**Since the release of this issue the data has been updated and the table revised. You can find new tables here: Table 5. Residential Foreclosures by Ward and Neighborhood Cluster, Washington, D.C., 2008 (PDF) (REVISED)**

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Foreclosure is not only a problem that affects homeowners. Renters occupy many homes and condominiums in the District of Columbia, and multifamily rental properties are entering foreclosure at increasing rates.

NeighborhoodInfo DC estimates from the D.C. real property data indicate that approximately 14 percent of the 95,100 single-family homes and 45 percent of the 46,100 condominium units in Washington, D.C., were renter occupied in 2008.1 Many of these renter-occupied units were among those properties that have received foreclosure notices. In 2008, 16.3 per 1,000 renter-occupied single-family homes and condominiums received a notice of foreclosure sale, up from only 5.5 in 2005 (figure 7).

Furthermore, multifamily rental properties are also entering foreclosure at increasing rates. The rates were higher for small multifamily rental properties than for larger apartment buildings. In 2008, 23.7 per 1,000 multifamily rental properties of two to four apartments received a foreclosure notice, up from 7.1 per 1,000 in 2005. The lowest foreclosure rate among renter-occupied properties was for larger apartment buildings of five or more apartments: 10.6 per 1,000 units in 2008.

Although we do not have number of apartments for multifamily rental apartment buildings, we can make a conservative estimate of the number of renter households affected by foreclosure by assuming three apartments per building for smaller rental buildings and five apartments per building for larger buildings. Based on these assumptions we estimate that, between 2006 and the third quarter of 2008, at least 2,800 renter households were living in properties affected by foreclosure in the District of Columbia. The largest share of these properties, 1,500 households, were in small multifamily rental properties of two to four apartments each. Another 1,000 households lived in renter-occupied single-family homes and condominiums and at least 300 were living in large apartment buildings of five or more units.

It is important to note that renters in the District of Columbia do have some protections in the case of foreclosure. According to the D.C. Office of the Tenant Advocate, the Rental Housing Act of 1985 sets forth ten valid reasons for evicting tenants, which do not include a property foreclosure. The Act states clearly that "except as provided in this section, no tenant shall be evicted from a rental unit?so long as the tenant continues to pay the rent." Nonetheless, despite these protections, a new owner of a foreclosed property can legally evict a sitting tenant for several reasons, such as if the owner wants to occupy the housing unit as his/her own residence (with 90 days notice), or if the owner wants to discontinue renting the property entirely for a year or more (with 180 days notice).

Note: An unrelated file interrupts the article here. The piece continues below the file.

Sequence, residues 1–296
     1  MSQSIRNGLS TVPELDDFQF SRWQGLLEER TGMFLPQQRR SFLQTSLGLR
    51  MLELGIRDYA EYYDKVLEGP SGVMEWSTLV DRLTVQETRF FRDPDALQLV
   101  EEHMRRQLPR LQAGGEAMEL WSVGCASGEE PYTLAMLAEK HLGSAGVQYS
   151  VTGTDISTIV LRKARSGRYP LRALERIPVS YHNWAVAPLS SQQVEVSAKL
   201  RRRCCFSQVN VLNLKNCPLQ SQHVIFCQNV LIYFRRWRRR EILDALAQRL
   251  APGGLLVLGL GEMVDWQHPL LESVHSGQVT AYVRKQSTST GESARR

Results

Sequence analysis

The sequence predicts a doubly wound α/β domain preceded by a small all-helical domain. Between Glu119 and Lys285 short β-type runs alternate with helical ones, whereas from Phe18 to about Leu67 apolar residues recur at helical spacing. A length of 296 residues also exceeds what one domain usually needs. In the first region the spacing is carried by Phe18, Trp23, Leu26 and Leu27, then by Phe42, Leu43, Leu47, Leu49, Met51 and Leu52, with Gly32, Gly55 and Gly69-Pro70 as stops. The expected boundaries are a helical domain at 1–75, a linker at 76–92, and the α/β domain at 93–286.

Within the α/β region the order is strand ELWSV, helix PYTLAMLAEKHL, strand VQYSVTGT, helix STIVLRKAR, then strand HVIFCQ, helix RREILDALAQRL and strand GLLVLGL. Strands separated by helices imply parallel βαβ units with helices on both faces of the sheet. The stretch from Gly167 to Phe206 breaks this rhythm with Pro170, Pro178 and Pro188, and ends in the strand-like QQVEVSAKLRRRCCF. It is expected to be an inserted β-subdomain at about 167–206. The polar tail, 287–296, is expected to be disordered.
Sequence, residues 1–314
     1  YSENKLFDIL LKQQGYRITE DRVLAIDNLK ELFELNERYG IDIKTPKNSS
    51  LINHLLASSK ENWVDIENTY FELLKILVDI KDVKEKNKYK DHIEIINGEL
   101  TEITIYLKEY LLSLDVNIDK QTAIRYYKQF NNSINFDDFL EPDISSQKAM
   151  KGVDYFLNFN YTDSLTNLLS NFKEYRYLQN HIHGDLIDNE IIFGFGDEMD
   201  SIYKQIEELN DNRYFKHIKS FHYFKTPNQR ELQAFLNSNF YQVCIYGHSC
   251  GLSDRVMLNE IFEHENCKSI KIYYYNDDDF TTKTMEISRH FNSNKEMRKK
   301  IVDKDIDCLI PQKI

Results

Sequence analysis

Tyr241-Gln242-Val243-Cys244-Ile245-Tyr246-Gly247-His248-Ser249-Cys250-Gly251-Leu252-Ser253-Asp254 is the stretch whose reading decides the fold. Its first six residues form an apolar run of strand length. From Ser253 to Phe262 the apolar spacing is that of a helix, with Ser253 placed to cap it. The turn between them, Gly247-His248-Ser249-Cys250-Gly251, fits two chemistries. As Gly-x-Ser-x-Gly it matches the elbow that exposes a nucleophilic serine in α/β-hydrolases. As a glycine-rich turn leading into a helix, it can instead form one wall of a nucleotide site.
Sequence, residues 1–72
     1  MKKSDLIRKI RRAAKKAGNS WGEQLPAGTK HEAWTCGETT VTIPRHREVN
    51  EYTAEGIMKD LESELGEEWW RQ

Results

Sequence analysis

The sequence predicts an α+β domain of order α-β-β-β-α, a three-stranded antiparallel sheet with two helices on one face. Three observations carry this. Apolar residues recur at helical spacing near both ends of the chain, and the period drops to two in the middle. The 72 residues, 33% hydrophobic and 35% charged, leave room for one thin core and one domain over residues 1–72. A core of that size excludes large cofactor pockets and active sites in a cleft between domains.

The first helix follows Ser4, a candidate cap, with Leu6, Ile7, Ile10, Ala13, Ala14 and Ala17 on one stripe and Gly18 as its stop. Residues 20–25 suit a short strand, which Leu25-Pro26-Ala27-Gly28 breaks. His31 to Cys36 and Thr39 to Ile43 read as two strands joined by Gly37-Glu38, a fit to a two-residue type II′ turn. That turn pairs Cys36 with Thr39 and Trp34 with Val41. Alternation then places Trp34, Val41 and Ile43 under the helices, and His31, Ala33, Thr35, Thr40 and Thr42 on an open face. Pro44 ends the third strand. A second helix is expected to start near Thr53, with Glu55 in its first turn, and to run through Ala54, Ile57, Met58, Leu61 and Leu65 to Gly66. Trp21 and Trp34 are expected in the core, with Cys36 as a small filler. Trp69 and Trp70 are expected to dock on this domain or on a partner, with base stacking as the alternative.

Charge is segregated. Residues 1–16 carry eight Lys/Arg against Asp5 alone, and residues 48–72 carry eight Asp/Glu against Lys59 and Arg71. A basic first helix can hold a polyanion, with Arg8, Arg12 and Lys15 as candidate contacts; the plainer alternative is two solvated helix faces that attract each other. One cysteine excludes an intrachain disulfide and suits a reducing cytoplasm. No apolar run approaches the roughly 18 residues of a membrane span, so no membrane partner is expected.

While we have no data at this time on how many District of Columbia renters are actually being evicted or otherwise displaced because of foreclosures, both national data and local intelligence on this issue has raised serious concerns. Tenant counseling organizations in Minnesota and in Cleveland, Ohio, have seen an increase in requests for help from renters facing foreclosure. In Washington, D.C., housing counseling agencies report that they are seeing renters as well as homeowners coming to them to seek assistance in dealing with foreclosed properties. Renters in the District of Columbia need to be informed of their rights to remain in their homes, even in the event of a foreclosure, or be given assistance with other housing options, if they cannot remain in their current homes.

Note: For more on how foreclosures are affecting renters, see the NeighborhoodInfo DC report, Foreclosures and Renters in Washington, D.C. (PDF)

Figure 7. Foreclosure Notice Rates for Renter-Occupied Properties, 2001 - 2008
Washington, D.C.
Figure 7

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Updated 9/10/09